Declamations were executed with great feeling by A. Klafta, A. Frank, J. Anderszat, and Julian Szczepanski.

    The program was given added color by the amateur mandolin orchestra, composed of members of the local post office. This group offered their services free of charge; they were invited by F. Kwasigroch, superintendent of the Milwaukee Avenue Post Office.

    3

    Henry Nagiel, who spoke on "Youth--That Is Our Future," was the initial speaker of the program. He pointed out the importance of Polish youth and described the duties it is to perform. He urged it to elevate, enlighten and moralize itself; to make a sincere effort toward truth, good and justice; to protect its ideals; and to follow the road that leads toward the culmination of Christian morals and truth. Mr. Nagiel especially urged the Polish-American youth to retain its Polish culture, to be fond of work for the Polish cause, and to maintain the high standards and ideals which were handed down to us by our fathers.

    Reverend Vincent Barzynski, pastor of St. Stanislaus Kostka Parish, who was a part of the audience, was requested to make a speech. He directed his words, warm and sincere, toward the Polish youth in the hall. He told this youth that its primary aim is to safeguard its virtue and religion, and through faith to find various means of work for the Polish cause. The pastor pointed out St. Casimir as a model after which Polish youth should always pattern itself, 4if it wishes to be respected by God and its fellowmen.

    The next guest to take the speaker's stand, by invitation, was Peter Kiolbassa, who expressed sincere wishes for the continuation of the good work and growth of the St. Casimir Young Men's Society. He urged the youth to live honorably, and to remember religious, family and citizenship duties, as well as national ones. Mr. Kiolbassa stated that the present day Polish youth is fortunate as compared to the youth of the times of the early Polish settlers; for they have schools, churches, libraries, and societies at their disposal. He urged it to take advantage of all these opportunities.

    All the speakers were received with enthusiastic applause.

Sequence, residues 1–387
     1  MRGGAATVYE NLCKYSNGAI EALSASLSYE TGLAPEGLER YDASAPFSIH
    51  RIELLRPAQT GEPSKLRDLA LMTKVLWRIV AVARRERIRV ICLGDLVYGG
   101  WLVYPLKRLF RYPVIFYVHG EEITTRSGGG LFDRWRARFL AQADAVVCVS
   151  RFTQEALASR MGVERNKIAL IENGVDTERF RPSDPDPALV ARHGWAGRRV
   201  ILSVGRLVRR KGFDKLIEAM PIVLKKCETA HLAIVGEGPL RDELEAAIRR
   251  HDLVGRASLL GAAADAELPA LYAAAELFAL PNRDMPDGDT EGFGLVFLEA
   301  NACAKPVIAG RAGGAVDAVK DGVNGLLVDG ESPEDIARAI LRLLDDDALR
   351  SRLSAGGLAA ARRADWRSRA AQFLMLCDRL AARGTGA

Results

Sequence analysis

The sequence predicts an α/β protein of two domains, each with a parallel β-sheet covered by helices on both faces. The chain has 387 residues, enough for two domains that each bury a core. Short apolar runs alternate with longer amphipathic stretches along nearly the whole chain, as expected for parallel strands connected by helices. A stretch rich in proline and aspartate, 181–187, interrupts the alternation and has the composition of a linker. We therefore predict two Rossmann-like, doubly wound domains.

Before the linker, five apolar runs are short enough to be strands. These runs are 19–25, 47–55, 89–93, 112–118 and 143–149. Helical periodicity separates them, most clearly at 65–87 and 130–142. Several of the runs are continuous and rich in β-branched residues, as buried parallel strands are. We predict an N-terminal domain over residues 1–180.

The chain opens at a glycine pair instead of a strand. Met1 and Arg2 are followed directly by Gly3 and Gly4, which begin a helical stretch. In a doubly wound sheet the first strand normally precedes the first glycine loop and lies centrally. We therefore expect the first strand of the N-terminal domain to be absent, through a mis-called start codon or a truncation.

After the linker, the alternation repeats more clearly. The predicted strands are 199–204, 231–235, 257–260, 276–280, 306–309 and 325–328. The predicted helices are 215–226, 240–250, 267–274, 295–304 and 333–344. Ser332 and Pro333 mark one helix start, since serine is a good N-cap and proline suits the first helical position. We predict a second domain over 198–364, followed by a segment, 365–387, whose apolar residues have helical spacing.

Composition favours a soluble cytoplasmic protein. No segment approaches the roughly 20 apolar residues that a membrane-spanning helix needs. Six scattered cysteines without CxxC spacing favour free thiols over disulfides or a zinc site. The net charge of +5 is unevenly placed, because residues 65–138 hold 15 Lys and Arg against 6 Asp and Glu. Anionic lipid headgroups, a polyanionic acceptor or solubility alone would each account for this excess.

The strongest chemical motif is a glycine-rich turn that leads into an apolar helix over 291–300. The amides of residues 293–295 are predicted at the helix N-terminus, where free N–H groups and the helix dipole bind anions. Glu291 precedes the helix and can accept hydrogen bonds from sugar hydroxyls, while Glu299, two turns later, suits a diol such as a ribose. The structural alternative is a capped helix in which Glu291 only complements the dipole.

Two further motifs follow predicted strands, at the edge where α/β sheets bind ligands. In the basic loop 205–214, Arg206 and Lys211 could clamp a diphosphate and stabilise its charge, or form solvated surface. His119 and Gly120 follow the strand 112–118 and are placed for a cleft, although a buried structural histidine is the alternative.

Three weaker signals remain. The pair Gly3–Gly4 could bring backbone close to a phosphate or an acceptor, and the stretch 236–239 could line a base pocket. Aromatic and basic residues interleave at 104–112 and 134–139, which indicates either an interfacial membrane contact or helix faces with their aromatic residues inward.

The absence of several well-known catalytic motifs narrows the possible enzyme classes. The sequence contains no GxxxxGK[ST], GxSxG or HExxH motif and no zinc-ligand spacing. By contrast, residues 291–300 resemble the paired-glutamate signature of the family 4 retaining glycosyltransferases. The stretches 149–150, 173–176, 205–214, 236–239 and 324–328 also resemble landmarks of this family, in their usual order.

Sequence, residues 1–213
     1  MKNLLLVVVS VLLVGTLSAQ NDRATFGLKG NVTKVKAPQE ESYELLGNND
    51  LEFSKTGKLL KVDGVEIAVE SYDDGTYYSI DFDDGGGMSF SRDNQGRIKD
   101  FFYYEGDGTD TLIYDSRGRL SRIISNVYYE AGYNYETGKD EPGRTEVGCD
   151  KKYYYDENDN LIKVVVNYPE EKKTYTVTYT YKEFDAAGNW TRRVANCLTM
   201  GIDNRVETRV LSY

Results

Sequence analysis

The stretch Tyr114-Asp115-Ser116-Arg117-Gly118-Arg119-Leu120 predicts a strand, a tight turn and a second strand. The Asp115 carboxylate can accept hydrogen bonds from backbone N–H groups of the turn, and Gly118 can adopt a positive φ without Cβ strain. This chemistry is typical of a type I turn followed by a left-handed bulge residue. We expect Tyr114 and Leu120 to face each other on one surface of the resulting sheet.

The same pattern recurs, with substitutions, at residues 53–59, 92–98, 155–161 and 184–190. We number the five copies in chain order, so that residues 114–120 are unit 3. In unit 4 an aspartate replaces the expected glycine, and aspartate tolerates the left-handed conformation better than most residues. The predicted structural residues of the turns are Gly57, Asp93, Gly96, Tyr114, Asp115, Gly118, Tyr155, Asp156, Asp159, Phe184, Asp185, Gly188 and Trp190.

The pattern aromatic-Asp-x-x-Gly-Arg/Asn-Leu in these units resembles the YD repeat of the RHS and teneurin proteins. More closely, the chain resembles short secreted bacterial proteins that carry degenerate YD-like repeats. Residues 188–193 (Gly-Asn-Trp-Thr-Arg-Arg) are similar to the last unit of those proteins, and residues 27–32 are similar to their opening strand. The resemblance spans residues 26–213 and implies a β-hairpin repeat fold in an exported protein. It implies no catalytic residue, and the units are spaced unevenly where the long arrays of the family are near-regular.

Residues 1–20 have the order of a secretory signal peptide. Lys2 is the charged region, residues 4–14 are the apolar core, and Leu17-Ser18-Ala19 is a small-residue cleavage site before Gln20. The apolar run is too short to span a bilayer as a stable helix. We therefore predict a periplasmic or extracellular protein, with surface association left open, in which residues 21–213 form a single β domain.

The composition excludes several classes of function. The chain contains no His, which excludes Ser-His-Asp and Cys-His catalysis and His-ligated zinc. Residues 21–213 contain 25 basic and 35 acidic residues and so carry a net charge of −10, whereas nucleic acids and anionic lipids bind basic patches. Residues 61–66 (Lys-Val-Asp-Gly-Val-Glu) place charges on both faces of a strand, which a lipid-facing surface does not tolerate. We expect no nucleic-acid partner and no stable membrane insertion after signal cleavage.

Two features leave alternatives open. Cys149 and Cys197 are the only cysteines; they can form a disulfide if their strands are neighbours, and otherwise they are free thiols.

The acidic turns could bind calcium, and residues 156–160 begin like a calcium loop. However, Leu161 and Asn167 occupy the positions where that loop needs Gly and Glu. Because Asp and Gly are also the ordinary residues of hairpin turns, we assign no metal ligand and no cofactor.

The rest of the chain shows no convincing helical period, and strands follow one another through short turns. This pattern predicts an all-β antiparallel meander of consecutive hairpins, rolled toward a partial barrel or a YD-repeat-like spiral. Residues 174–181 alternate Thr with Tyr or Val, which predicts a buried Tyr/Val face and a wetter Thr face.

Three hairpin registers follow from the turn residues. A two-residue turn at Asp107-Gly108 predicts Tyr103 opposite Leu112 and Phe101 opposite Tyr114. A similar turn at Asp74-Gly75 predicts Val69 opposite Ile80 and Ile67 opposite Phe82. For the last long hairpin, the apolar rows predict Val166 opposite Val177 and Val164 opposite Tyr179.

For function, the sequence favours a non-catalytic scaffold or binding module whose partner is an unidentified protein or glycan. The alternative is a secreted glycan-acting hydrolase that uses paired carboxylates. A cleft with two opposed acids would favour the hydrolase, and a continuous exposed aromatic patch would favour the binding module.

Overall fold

The occasion was closed by Reverend Sedlaczek, chaplain of the Society, after which the Polish national hymn "Boze Cos Polske" (God Save Poland) was sung by the Polish youth.

    5

    A word must be said about the beautiful painting of the patron saint of the Society, created by Mr. Zukotynski. It is indeed such a fine piece of art work--one that our Poles of Chicago can take pride in. The portrait is a true representation of St. Casimir; angels with emblems of the faith fill the background. In the corner of the picture is found the coat of arms of Poland and Lithuania. The coloring is unusually beautiful and realistic. Its worth is recognized not only by lovers of art, but also by the average person.

    A special anniversary program was staged by the St. Casimir Young Men's Society of St. Stanislaus Kostka Parish yesterday afternoon at 4 o'clock in the parish school hall. This program ...

    Polish
    III E, IV, III C, II B 1 b, II B 1 a
  • Dziennik Chicagoski -- June 10, 1895
    St. Hyacinth Church Consecrated

    Consecration services of St. Hyacinth Church took place yesterday before a large crowd of parishioners. Four other Polish parishes were also represented, namely, St. Stanislaus Kostka, St. John Cantius, St. Hedwig, and St. Stanislaus Bishop and Martyr.

    An impressive number of Polish societies were present. There was band music, and the Polish Cavalry and military groups headed the parade.

    The consecration ceremonies were celebrated by Archbishop Feehan and Reverend John Kasprzycki, pastor of St. John Cantius Parish; both were assisted by Reverends Adolph Nowicki, L. Machdzicki, and John Piechowski, pastor of St. Hyacinth Parish.